Whenever I go out to the grocery store it’s usually not hard to spot a smiling squirmy toddler seated in a grocery cart. Invariably the cart is pushed by a parent whose gaze is fixed on shelves full of goods, other carts, their shopping list, usually with only passing attention paid to their youngster. Most parents likely do not consider the potential danger of child injury posed by shopping carts, but a new study in the Journal of Clinical Pediatrics shows that shopping carts pose a serious risk of injury to kids.
The study reveals that over 24,000 children wind up in hospital emergency rooms every year from shopping cart-related injuries. That is 66 children every day, roughly one child every 22 minutes. It should also be noted that only around 4% of shopping cart-related injuries are serious enough to require admission to the hospital. That equates to a lot of injured children every year. (Nearly 600,000)
Of the 24k that do end up in the ER, the analysis shows:
• Nearly 85% of injuries are to children aged newborn to 4 years old
• Falls from a cart constitute 70.4% of injuries, while running into the cart and the cart tipping over each account for only 6%
• 78% of the injuries sustained were head injuries – these include soft tissue injury, concussion and internal injury
• The rate of head injuries alone has steadily increased from 3,483 in 1990 to 12,333 in 2011,
Dr. Gary Smith, director of Nationwide’s Center for Injury Research and Policy explained that “a wiggly baby in an infant seat or a toddler reaching for a bright box of cereal can easily cause a fall that results in serious injury. Children’s center of gravity is high, their heads are heavy and they don’t have enough arm strength to break a fall.” “It only takes a moment for a parent to look away for a shopping cart accident to happen.”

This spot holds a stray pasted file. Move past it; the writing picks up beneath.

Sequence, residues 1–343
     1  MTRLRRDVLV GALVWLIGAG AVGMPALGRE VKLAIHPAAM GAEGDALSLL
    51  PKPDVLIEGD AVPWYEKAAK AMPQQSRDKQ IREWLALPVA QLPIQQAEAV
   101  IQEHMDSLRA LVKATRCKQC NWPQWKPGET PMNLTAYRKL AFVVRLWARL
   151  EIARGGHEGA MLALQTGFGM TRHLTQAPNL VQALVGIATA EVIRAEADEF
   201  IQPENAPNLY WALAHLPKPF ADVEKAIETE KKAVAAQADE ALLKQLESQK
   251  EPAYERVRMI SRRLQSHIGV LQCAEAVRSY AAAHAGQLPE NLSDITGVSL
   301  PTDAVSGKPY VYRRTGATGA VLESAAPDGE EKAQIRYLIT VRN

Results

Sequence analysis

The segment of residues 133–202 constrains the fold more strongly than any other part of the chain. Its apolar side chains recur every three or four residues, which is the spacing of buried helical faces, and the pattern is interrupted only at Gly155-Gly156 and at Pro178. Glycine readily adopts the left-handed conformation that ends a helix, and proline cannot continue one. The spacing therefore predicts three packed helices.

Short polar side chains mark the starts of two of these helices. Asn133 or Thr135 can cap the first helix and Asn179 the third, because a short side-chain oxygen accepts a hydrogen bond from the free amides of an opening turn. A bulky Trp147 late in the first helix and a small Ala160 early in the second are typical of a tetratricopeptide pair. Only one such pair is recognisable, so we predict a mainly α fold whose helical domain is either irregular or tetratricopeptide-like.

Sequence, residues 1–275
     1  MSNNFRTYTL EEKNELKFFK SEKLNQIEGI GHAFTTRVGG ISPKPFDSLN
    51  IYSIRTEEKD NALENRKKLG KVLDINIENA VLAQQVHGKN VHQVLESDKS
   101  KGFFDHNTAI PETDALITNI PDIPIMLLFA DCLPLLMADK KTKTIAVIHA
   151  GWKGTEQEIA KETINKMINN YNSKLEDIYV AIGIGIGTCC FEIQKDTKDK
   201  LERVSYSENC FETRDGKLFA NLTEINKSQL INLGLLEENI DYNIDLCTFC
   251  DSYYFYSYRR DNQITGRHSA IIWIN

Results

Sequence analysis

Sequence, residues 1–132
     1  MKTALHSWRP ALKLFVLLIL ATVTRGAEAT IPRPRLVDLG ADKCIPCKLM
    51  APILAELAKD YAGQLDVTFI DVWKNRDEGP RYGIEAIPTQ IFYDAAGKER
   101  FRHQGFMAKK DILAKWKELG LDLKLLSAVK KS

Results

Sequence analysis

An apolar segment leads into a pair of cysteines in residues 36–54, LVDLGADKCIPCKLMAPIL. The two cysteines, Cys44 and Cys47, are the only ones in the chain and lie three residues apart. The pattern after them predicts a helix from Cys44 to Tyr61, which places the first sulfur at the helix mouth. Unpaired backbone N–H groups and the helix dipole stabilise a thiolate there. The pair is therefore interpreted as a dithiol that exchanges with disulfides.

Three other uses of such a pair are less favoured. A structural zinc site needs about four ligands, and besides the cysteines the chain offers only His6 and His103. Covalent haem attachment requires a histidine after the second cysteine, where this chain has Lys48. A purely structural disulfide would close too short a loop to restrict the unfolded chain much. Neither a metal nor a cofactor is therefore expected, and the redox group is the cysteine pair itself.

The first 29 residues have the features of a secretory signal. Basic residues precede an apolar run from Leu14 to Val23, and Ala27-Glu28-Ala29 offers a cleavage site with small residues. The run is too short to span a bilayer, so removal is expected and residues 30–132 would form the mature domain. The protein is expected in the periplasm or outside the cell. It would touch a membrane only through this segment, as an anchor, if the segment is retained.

What Can You Do To Lower The Risk?
Parents should opt for carts that seat kids lower to the ground, like those with toy cars or fire engines. Otherwise avoid carts if possible, or remain vigilant while your children are using them. Also encouraging stores to furnish shopping carts with safety belts is a good idea. Keeping a close eye on your children is always the best idea.
What to Do If Your Child Is Injured?
If your child is involved in a shopping cart-related injury notify the store about the injury. Premises liability law holds shopkeepers responsible for ensuring their store is safe for customers. This includes a duty to ensure that their shopping carts are safe. Alerting them of the injury will put them on notice of the problem and help to prevent other children from harm.
Along with the store’s owner, you may also have a case against the manufacturer of the shopping cart for product liability based on defective design, manufacture, or inadequate warning.
If you decide that you would like to pursue legal action, keep detailed records of all medical treatment and contact an experienced personal injury lawyer in your area to discuss a potential lawsuit.
Hopefully raising awareness of the potential dangers will lead to safer shopping carts in the future, but keeping a close eye on your kids will remain the best way to prevent possible injuries.
• More than 24,000 Kids Go To The Hospital For Shopping Cart-Related Injuries Every Year: Study (Huffington Post)
• Shopping cart danger: 66 kids hurt a day, study finds (NBC News)
• Pediatric Shopping-Cart-Related Injuries Treated in US Emergency Departments, 1990-2011 (Clinical Pediatrics)
• Shopping Cart Injuries: Victims 5 years old and younger (US Consumer Product Safety Commission) • Shopping Cart – Related Injuries to Children (American Academy of Pediatrics)